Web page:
Colombia – Drug wars affecting football

The drug money has dried up, but Nacional of Medellín are back – to the despair of their popular but inept neighbours. Jake Lagnado reports

Hear the word Medellín and you might think of Pa­blo Escobar and the Medellín Cartel. Indeed, in Med­ellín, as in the rest of Colombia, there were many financial and personal ties between the drugs trade and professional football, as symbolised by the campaign to free the city’s favourite son, Rene Hig­uita, from jail in 1993. Since Escobar’s death the same year, the trade has been reorg­anised: much less drug money is in­vested in the local economy, meaning football clubs now have to market themselves to avoid total ruin.

But Medellín was a footballing town both before and after the goldrush. And this year the long-awaited revival of Atlético Nacional and the crisis over at struggling Deportivo Independiente Medellín have been the talk of Colombian football. Nacional epitomise the good times when narcotics money kickstarted the local economy. In 1989, they became the only Colombian team to win South America’s main club competition, the Copa Libertadores. And, even more importantly, they provided the backbone of Colombia’s best ever national squad – including Andrés Escobar, Leonel Alvarez, Faustino Asprilla, Freddie Rincón and Hi­guita, as well as manager Francisco Maturana. But since then their triumphs have been limited to win­ning the national title just twice and losing one Copa Libertadores final: a poor return for a club backed by some of the country’s wealthiest businessmen.

XThis year that could all change. Nacional are cur­rently among the favourites to win the first championship of 2002 (the Colombian league has recently switched to the Argentinian system of having two championships in the year). Fans are pleased by the club’s promise – unique among Colombian clubs – not to hire any foreigners this year. The last two were houn­ded out following last year’s dismal showing. But this season’s tactics have also marked a break with the stylish but ultimately ineffectual football of old, leaving a residue of discontent among fans.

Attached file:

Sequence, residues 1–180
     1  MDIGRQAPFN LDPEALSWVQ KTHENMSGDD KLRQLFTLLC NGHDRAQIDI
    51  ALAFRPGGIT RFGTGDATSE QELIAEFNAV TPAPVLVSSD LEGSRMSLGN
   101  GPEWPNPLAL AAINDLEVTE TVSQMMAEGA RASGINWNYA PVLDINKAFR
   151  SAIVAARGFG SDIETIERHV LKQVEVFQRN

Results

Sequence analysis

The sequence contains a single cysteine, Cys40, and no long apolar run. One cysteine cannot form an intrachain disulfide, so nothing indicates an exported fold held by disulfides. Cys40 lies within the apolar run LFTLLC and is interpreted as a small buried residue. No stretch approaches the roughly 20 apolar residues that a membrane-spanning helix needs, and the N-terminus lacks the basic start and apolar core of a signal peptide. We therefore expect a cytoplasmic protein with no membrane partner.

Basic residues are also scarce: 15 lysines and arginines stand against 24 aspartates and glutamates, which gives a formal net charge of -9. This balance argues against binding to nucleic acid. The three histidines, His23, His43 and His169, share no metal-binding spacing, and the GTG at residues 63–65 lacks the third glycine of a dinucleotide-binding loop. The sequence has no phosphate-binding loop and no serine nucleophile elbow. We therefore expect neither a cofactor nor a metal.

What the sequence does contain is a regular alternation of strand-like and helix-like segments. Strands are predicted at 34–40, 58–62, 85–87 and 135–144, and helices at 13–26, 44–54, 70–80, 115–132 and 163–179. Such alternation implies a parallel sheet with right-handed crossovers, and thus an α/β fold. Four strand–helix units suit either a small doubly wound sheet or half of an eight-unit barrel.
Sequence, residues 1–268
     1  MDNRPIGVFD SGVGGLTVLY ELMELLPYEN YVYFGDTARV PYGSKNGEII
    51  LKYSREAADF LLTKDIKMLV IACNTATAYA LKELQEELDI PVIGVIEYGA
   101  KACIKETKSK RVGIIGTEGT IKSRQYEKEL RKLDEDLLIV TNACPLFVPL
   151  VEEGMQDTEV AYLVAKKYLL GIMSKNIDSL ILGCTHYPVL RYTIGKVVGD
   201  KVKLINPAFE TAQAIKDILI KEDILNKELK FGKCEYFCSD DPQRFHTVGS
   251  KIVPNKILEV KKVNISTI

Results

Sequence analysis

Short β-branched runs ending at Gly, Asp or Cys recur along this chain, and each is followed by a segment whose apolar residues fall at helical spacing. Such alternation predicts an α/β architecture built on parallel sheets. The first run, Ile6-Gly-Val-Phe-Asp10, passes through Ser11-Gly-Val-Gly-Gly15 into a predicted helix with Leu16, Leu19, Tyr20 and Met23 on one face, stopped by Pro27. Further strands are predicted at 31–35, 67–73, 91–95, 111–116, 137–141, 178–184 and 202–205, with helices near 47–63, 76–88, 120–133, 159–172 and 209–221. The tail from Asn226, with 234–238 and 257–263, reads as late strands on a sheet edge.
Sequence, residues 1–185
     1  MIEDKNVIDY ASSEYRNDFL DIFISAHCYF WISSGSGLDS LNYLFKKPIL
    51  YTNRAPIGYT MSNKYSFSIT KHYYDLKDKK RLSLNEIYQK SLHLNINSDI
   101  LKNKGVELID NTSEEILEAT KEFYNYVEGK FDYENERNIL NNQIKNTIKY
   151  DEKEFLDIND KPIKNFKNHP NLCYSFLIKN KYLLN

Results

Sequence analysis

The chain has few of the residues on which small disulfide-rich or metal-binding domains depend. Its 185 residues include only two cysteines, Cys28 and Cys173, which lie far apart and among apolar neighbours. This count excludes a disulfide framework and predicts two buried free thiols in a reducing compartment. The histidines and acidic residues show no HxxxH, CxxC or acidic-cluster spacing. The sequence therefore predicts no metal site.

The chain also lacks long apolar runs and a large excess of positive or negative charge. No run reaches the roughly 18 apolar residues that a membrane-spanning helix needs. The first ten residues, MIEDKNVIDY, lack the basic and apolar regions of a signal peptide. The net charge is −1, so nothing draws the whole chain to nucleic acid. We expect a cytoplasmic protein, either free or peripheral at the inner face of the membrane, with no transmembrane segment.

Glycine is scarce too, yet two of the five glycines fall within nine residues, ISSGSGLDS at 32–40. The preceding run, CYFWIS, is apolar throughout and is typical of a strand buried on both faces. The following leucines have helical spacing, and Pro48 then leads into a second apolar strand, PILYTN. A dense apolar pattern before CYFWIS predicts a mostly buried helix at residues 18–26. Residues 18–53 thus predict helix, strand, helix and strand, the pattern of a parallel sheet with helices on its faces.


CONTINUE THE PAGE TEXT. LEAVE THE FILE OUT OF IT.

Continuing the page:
If Nacional are associated with wealth and success, the stereotype of Medellín and their fans is the op­posite. As Nacional fans joke: “You know when Medellín are playing away, because everyone leaves their front doors open.” They are the equipo del pueblo, the peo­ple’s team, ridiculed for not having won a championship in 41 years. If Nacional symbolise ordinary peo­ple’s attempts to escape poverty, represented by the cartel in the Eighties and early Nineties, Medellín could be said to embody the harsh reality of life for most of the city’s inhabitants, particularly after the violent end of the boom period. And yet Medellín’s supporters are recognised as being the most loyal and fanatical in the whole country.

Historically, Medellín’s current poor form is pretty much par for the course. But in recent terms it is bit­terly disappointing, because in December they were pipped to the title by America of Cali. With much of last year’s squad intact, fans hoped the team would carry on from where they left off. But it was not to be. Players were reputedly peeved at the directors’decision to use the proceeds of last year’s success to tackle the club’s debts rather than giving them the kind of pay rise they deserved. The confusion created by the protracted and ultimately aborted sale of top scorer Horacio Serna to Italy’s Serie A – he was given a rous­ing send-off at his final match, only to return weeks later – did not help.

Football clubs in Colombia have always had their barras: groups of supporters, often neighbourhood-based, who sit together with their own banners at every home match and arrange coaches to away games. But over the past few years new barras have emerged in Medellín. The Resistencia Roja (Red Resistance) of Me­dellín can number up to 15,000 on a good day. In the city they have waged an unrelenting and ubiquitous grafitti war with their rivals, Nacional’s Los Del Sur (The South Enders). Occasionally things have got worse. In March, a young fan and a police conscript died in troub­le at a metro station after a local derby.

Worryingly, this rivalry could adopt political over­tones as the civil war intensifies between guerrillas on one side, and the army, the US and rightwing paramilitary groups on the other. In recent years the paramilitaries have taken over much of the drug trade, ploughing the proceeds into the war, for which they have re­cruited heavily among Medellín’s youth.

On a national level, the paramilitaries have stopped and “disciplined” coachloads of away fans for “anti-social behaviour”. Barras in the capital Bogotá claim to have received threats because of their alleged leftwing leanings. It is to be hoped that the “total war” currently being preached and practised with gusto in Colombia following the breakdown of peace talks between the guerrillas and the government does not extend its ten­tacles any further into football.

From WSC 185 July 2002. What was happening this month